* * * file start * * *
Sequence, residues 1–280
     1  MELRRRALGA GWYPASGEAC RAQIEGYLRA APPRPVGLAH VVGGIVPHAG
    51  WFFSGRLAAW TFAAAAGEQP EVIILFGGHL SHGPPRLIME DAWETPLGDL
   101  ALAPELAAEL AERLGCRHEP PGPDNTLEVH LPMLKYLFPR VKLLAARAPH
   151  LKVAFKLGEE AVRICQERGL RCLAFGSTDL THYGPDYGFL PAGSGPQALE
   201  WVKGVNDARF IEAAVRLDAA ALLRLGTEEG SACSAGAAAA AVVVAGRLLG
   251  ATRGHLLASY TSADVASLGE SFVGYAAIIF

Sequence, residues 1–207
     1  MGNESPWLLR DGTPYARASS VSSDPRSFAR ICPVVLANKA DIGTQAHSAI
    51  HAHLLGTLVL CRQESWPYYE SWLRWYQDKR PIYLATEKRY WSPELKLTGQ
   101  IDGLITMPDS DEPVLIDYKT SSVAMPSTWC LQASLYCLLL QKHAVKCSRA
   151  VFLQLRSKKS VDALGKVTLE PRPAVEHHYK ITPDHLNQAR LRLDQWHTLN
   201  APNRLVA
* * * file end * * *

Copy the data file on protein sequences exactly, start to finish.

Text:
Sequence, residues 1–280
     1  MELRRRALGA GWYPASGEAC RAQIEGYLRA APPRPVGLAH VVGGIVPHAG
    51  WFFSGRLAAW TFAAAAGEQP EVIILFGGHL SHGPPRLIME DAWETPLGDL
   101  ALAPELAAEL AERLGCRHEP PGPDNTLEVH LPMLKYLFPR VKLLAARAPH
   151  LKVAFKLGEE AVRICQERGL RCLAFGSTDL THYGPDYGFL PAGSGPQALE
   201  WVKGVNDARF IEAAVRLDAA ALLRLGTEEG SACSAGAAAA AVVVAGRLLG
   251  ATRGHLLASY TSADVASLGE SFVGYAAIIF

Sequence, residues 1–207
     1  MGNESPWLLR DGTPYARASS VSSDPRSFAR ICPVVLANKA DIGTQAHSAI
    51  HAHLLGTLVL CRQESWPYYE SWLRWYQDKR PIYLATEKRY WSPELKLTGQ
   101  IDGLITMPDS DEPVLIDYKT SSVAMPSTWC LQASLYCLLL QKHAVKCSRA
   151  VFLQLRSKKS VDALGKVTLE PRPAVEHHYK ITPDHLNQAR LRLDQWHTLN
   201  APNRLVA